Wool is amazing. The history of wool is super fascinating, so let’s dig into it a little more so you can appreciate this beautiful product.
Throughout history, people have been shearing sheep for their wool to create a variety of fabrics and produce clothing, blankets, and other textiles. It’s pretty cool to think that the remarkable qualities of wool clothing facilitated the survival of the human race.
Wool has a long and fascinating history that dates back to recorded history some 8,000 years ago. The first sheep lived in Northern Europe and were used by indigenous peoples for many reasons, including food and wool. People originally made primitive clothing by hand before inventing the primary spindle, which simplified and quickened the spinning process.
Over time, woolly sheep became prominent as they were selectively bred to produce a diverse variety of breeds which grew the finest and warmest wool coats. With the beginning of the Iron Age, the first iron shears were introduced, making getting wool off the sheep less complicated and faster. This change caused the wool industry to begin to flourish and spread.
Wool became more popular as it became easier to get. People used wool for its warmth, especially in the northern regions of Europe. Royalty, commoners, and slaves alike wore wool for its unique properties. Its versatility put it into any garment that was needed. Sheep mobility also increased the demand for wool, and herding became a desirable profession as sheep didn’t require much maintenance or labour.
Wool became a lucrative industry because many people worldwide sought it out. Many business deals were conducted in wool, and wool trading became a popular import and export of the age. The increasing trends of wool’s popularity increased global trading. Wool expansion continued for centuries without much change, and it remained one of the most desired textiles in all of Europe and continued to spread to neighbouring countries.
However, taxes took the momentum from the wool industry. Other (cheaper) textiles became more widely used. Sheep owners figured out how to use wool to create a similar fabric, which raised the need for wool again. In the 1700s, European tradesmen began to take their sheep and wool products to other parts of the world. Around this time, sheep’s wool made it to South Africa and Australia. Eventually, wool production even went to America, where it thrived.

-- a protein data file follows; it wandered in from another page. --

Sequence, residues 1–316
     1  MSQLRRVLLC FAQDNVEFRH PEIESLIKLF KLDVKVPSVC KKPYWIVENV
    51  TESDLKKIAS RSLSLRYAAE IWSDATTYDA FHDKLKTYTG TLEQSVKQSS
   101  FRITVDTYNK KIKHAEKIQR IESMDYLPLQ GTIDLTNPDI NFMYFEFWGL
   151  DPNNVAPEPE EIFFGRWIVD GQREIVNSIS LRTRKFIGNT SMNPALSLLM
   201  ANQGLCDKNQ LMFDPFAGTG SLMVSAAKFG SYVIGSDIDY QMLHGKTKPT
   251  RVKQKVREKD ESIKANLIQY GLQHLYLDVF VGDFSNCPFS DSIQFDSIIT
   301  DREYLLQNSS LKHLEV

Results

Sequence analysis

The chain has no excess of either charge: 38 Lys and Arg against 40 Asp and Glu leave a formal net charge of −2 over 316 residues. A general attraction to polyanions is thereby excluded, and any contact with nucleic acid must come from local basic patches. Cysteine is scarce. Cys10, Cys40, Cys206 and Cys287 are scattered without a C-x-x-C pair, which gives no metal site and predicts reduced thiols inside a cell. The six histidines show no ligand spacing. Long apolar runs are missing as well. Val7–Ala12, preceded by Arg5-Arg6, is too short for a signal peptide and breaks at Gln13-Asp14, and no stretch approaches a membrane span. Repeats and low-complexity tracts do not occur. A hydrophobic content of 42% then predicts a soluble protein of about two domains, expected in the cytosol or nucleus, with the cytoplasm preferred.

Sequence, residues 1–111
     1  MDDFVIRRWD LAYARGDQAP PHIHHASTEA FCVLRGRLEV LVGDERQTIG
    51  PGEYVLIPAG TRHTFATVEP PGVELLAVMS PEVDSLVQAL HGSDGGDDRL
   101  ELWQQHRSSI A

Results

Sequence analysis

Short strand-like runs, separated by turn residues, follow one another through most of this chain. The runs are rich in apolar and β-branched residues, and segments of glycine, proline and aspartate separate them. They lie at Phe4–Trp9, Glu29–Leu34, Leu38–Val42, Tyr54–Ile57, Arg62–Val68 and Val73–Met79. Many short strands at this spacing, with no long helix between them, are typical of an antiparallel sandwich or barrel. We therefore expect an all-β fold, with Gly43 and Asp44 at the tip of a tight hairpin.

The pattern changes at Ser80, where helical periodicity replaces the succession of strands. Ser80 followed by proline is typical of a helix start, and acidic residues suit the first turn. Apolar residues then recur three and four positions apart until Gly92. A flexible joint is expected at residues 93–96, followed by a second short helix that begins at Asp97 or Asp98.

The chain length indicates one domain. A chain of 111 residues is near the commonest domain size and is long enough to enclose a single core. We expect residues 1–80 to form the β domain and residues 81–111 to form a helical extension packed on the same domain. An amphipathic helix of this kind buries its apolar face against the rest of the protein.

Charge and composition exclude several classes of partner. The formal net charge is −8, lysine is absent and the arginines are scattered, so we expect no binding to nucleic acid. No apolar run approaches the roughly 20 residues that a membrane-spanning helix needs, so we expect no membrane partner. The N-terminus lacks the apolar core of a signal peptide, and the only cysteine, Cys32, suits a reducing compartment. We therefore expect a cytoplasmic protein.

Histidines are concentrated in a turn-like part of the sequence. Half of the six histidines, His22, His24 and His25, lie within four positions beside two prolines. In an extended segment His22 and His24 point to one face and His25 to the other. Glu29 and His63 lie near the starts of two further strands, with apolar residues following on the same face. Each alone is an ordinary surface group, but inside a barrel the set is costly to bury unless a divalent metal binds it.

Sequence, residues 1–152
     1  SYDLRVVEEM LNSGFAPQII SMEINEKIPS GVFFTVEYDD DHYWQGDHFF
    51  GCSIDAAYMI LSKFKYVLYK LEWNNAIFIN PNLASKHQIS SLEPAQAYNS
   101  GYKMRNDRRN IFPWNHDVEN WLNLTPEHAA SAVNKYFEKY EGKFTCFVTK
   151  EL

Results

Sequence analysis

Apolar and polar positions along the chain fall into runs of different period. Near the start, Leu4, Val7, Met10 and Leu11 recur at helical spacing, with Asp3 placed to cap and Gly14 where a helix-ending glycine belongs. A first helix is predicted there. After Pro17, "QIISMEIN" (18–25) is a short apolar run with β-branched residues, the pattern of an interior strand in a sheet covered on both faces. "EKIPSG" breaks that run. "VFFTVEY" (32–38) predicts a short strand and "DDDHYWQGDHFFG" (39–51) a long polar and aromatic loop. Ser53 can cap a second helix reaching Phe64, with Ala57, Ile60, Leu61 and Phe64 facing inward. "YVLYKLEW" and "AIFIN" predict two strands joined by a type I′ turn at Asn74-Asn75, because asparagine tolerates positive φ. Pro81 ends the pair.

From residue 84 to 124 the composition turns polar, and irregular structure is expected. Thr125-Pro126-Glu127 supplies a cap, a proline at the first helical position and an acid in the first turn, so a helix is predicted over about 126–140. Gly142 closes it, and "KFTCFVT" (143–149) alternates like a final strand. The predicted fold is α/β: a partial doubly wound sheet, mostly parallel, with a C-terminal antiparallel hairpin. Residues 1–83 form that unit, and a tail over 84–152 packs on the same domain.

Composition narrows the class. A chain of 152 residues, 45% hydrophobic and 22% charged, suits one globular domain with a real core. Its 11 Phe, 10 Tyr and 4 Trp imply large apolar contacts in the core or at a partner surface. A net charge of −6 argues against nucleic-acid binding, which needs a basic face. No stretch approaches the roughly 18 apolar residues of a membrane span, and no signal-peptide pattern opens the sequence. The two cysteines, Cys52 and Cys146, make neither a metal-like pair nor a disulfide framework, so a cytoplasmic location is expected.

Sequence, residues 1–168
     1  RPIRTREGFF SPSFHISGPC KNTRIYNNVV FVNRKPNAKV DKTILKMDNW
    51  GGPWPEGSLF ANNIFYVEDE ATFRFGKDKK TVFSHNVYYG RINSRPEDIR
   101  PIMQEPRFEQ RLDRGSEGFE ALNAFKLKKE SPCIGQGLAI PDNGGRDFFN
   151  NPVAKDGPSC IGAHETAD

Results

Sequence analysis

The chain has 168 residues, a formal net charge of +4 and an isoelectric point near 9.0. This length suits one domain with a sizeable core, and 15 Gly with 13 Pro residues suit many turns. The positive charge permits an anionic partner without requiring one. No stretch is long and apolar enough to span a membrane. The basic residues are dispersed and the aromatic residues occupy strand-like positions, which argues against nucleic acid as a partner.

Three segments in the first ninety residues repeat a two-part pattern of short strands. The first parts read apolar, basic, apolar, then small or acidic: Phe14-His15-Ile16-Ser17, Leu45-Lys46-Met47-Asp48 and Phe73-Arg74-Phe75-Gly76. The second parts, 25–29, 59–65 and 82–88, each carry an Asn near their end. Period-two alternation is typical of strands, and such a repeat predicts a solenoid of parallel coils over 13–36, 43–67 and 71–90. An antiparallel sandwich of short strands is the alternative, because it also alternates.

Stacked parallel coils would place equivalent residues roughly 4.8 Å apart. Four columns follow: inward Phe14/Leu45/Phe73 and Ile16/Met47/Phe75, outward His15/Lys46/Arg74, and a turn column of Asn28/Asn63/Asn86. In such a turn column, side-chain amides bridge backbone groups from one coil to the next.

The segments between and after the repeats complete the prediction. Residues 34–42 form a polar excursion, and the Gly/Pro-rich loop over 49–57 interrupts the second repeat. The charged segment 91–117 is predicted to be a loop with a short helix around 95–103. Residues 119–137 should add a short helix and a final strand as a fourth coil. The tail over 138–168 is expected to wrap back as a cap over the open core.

Sadly, wool has recently declined in popularity due to the introduction of synthetic fibres. But let’s be honest, traditional wool is still the best for warmth and durability. So next time you’re snuggled up in your favourite wool sweater, take a moment to appreciate the long and fascinating history behind the fabric!
Wool is still a remarkable material with unique properties, even though it has declined in popularity due to the introduction of synthetic fibres.
But don’t worry, because Moksi has you covered with their handmade wool products! Each item is crafted with care and attention to detail, making them the perfect addition to any home or outfit.
Firstly, the fabulous Boho Stripe Blanket, created by Liewe Hekel, is a unique addition to any room. The combination of dark grey, light grey, and corn adds texture to your styling. Made with imported wool in an acrylic and polyamide blend, this blanket is designed to last.
Secondly, the Baby Bunny Blanket, also created by Liewe Hekel, is a perfect gift for both boys and girls. Crocheted with imported high-quality wool with a cashmere feel, this blanket is designed to become an heirloom in the family. It can be made in different colours, and it is machine washable.
Lastly, the Anna Magdalena Small Tote Handbag, an exclusive range by Liewe Hekel, is an excellent accessory for any event. It is uniquely handmade and named after the creator’s mother, who was one of a kind. This perfect little bag is available in as many options as there are colours in the rainbow. Contact Liewe Hekel for your unique creation.
So next time you’re snuggled up in a wool blanket, remember the fascinating history behind this incredible material and the fantastic sheep that make it all possible!
Source for blog: https://www.raisingsheep.net/history-of-wool